After an exciting launch, I get to grips with Kinect.
The unit itself, which is like a large webcam, is of a fairly sturdy construction, as far as I can tell. To help with the stability of the unit, the base is solid and weighted, adding security when the camera tilts. After going through the initial set up it became apparent that balancing it on top of the TV was not the best idea. The unit is motorised and as it tilted itself down, it wobbled rather precariously. A bit of maneuvering and anchoring later, it was all good. But then I came across another problem.
There has been a lot of mention about the amount of room that is needed to successfully play Kinect games. My living room is about 10 foot wide, which seems like enough. But once the sofa is taken into account and the fact that the TV is not flat against the wall, I was actually left with less than six foot of open space. This presented a problem and the first few games of Kinect Adventures had to be played whilst standing on the sofa.
It should be pointed out that the amount of room needed does actually vary depending on the game. But the standard is said to be six foot for single player and eight foot for two player. With that in mind, I knew that I either had to move the sofa, which would be difficult as there is nowhere else to put it, or find a way to have the actual camera further back against the wall. With a spark of ingenuity, I constructed a shelf of sorts that was against the wall behind the TV. Mounting the camera on there gave me the required six foot, but only just. Not really ideal, but I can’t afford to move home just to play Kinect.
I have not yet been able to work out the ideal light setting for using Kinect. It has been used in various conditions, from a pitch black room to a sunlit room, and it appears to work quite well across all of them, for the dashboard functions at least. When it comes to the games, I have noticed that certain games seem to have more trouble than others in less than favourable light conditions. I find this a bit puzzling as I would have thought that they would all be the same in this respect. But from what I have experienced so far, it would seem that the first party titles are the ones that perform the best. Overall, I would say that lighting the room with an overhead light source and closing the curtains seems to work best across everything.
Obviously we will be discussing the games over the coming weeks, but what about the Kinect’s dashboard functions? Well, first up, I have not yet had time to setup the Kinect IDs for all of the accounts yet. However, there was plenty of playing with the motion and voice controls of the menu. The first and most interesting problem that we have come across is that, of the three people using the Kinect, the voice commands are only recognised from one person. The machine occasionally listened to the other people, but it worked 100% of the time for this one person.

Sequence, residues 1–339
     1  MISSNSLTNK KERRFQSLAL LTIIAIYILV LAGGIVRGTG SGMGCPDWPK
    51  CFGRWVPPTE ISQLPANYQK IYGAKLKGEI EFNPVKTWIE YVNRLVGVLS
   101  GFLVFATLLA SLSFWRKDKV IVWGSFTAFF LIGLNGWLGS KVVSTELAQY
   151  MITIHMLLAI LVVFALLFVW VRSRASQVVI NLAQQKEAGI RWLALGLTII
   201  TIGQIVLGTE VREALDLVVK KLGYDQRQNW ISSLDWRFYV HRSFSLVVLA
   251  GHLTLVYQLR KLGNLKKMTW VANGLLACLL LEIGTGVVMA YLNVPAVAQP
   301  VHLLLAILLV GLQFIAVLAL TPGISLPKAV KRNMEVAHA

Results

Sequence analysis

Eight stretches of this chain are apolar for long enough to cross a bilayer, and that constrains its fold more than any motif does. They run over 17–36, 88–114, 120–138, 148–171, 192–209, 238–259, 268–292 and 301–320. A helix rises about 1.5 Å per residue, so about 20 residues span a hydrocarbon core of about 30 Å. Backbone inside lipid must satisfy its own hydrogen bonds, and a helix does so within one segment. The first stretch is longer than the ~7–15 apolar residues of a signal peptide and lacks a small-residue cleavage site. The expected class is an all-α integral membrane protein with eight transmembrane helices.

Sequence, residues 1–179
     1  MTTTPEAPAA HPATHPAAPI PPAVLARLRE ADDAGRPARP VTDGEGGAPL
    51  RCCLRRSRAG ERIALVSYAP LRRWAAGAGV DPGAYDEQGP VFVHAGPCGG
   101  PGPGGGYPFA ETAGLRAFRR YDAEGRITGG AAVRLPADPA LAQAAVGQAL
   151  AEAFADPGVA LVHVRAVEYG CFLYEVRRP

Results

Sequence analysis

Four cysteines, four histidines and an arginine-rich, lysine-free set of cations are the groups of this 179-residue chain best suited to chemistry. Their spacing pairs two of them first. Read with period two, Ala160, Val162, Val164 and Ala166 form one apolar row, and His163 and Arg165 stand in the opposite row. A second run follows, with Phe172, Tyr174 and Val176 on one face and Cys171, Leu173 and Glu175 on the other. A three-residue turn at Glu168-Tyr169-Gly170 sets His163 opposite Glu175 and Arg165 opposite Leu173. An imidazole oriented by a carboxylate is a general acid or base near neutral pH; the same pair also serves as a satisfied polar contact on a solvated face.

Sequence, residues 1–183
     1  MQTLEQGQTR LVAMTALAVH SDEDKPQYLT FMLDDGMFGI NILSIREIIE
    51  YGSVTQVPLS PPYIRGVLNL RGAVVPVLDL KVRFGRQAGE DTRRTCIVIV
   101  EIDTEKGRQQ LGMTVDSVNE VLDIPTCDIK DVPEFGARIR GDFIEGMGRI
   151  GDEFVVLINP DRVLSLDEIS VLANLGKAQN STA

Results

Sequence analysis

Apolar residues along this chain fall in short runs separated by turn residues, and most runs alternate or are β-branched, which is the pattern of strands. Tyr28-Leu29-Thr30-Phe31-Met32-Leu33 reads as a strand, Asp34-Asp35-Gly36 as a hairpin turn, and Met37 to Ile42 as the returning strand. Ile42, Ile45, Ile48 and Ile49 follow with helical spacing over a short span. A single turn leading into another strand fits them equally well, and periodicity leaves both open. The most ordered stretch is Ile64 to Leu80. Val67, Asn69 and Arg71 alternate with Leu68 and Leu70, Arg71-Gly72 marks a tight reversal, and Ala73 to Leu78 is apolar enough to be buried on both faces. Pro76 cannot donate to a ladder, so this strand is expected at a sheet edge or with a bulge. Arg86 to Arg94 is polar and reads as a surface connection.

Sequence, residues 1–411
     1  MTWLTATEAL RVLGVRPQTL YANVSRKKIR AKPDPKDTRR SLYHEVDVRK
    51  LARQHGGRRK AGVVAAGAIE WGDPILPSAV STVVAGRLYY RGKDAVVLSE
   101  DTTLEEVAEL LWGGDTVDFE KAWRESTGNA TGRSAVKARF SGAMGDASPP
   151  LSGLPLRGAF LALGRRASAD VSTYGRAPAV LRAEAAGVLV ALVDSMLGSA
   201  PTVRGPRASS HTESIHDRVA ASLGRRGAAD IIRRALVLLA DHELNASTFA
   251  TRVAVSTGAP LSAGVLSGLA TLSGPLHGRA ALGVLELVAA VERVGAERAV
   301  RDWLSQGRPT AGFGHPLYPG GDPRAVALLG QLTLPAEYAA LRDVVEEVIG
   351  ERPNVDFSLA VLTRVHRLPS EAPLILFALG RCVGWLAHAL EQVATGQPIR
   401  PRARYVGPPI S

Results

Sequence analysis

At the moment, a lot of the dashboard functions cannot be controlled via voice or motion. By saying the words “Xbox Kinect” the user is taken to a special Kinect dashboard that offers all of the functions that are voice controlled, such as Sky Player, Last FM and Zune. The functions are limited though and the Xbox360 is not quite “controller free” yet.
Similarly, the motion controls only have limited functionality at the moment. These are activated by the user waving their hand like a loon in front of the screen, slow waving does not work. They can then use their hand to swipe between screens/options and hold their hand still for a second or so to select. Overall, this worked very well from either standing or sitting on the sofa.
Well, it has not been long out of the box and I am sure that I will find other ways to mess around with Kinect over the coming days and weeks. The big thing for me will be the games, and thus far I have been very impressed. The problems I am having with using the Kinect will most likely disappear once I have practiced some more. It is no replacement for the controller yet, but I am guessing that will come with time. I am very impressed with how well the hardware works, as I was sceptical. But whether or not it gets regular use will depend on the games and new functions they enable.
The big question is how it compares to Wii and PlayStation Move. Well, looking at all three together, they all offer something different. Wii and Move are both very similar, with Wii having tons of games and Move working better than Wii, but having thus far very few titles. Kinect on the other hand is a completely different kettle of fish. Asking which is best would be like asking for the best between a motorbike and a car. It is simply a matter of preference.
Keep checking back to see our reviews of the games in the coming days.